In the galleries: Eerie prints and sculpture that hint at ecological ruin

The world is almost entirely black and white in “After Thought — Emotional Landscapes,” a three-artist show at Washington Printmakers Gallery. But not all that black is ink. Erin Owen’s “Dreams of Glacier National Park” haphazardly piles greenish glass balls, partly filled with crude oil, atop crisscrossed wooden dowels. Those rods can be removed, potentially sending the spheres to tumble, crack open and spill their messy black contents.

The Oklahoma-based artist’s work, the exhibition’s centerpiece, is an environmentally minded update of the vintage children’s game KerPlunk. It’s also one of the show’s most explicit ecological statements, and a rare example of sculpture on display at a gallery that specializes in works on paper.

The other two contributors, William Demaria and Oliver Stern, make starkly handsome landscape prints, some realistic and others partly abstracted. The artists use etching and other techniques to craft pictures that contrast hard and seemingly soft forms. Demaria, a Baltimorean, produces some of the more literal images, but also stripped renderings of natural features whose haziness (according to two of the titles) is meant to evoke distant memories. Stern, who works in Upstate New York, depicts cracks, paths and openings. Some of these features appear monumental, while others could be microscopic.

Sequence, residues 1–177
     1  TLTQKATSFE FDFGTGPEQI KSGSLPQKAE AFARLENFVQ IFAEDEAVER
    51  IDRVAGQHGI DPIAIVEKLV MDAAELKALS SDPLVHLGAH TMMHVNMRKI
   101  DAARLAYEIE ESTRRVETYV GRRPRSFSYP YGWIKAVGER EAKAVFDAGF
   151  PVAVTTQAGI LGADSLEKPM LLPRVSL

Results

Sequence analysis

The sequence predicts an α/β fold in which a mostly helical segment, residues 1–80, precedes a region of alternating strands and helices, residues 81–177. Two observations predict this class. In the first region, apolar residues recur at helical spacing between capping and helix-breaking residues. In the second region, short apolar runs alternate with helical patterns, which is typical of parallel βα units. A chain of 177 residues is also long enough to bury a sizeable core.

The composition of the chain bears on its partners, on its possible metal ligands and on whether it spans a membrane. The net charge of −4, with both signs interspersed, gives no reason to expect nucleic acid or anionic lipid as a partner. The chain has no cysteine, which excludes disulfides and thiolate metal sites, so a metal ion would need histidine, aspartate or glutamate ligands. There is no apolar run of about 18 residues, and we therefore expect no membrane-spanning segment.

In addition to a second sculptural work that features oil-filled glass spheres, Owen offers a single print, the only one in the show that’s not monochromatic. “Free Enterprise” is a toylike small-town cityscape in which both buildings and foliage burn with red-orange flames. After the oil spill comes the conflagration.

William Demaria, Erin Owen and Oliver Stern: After Thought — Emotional Landscapes Through Feb. 25 at Washington Printmakers Gallery, 1675 Wisconsin Ave. NW. washingtonprintmakers.com. 202-669-1497.

Dupont & Mullins

In previous appearances at Adah Rose Gallery, Brian Dupont has shown abstract paintings characterized by an industrial feel and the use of stenciled lettering. His work in “Of Homage or of Hope,” a two-person show, is a significant departure from his earlier output. The New York artist has recently produced a series of “Annotations,” mixed-media pictures on paper that feature handwritten excerpts from the writings of Herman Melville and Walt Whitman.

The drawing-paintings are smudged, layered and apparently improvisational. Yet they take cues from both the content and form of the books that inspired them. The green in one picture is derived from the color of the binding of the original edition of “Leaves of Grass,” and the oceanic blues in another piece are arrayed at levels derived from individual chapters of “Moby-Dick.” One of the few pictures to include stenciled text drops the word “plumb” vertically into the composition as if the letters themselves constitute a plumb line dropped into water to measure its depth. Dupont’s art is idiosyncratic, yet tethered to a wider world of fact and fiction.

The show’s other artist, Nathan Mullins, is almost a realist painter. His vignettes of everyday life are easily recognizable, yet flattened and stylized in ways that make them seem slightly eerie. While the three figures in “Friends on Fair Ground Fence” look ordinary, they’re arranged to appear more as formal elements than everyday people. The Mississippi artist also occasionally introduces surrealistic elements, such as the large creature that floats above a reclining nude woman in “Dream of the Big Fish.” Mullins depicts the commonplace in a manner that allows reveries to sometimes seep in.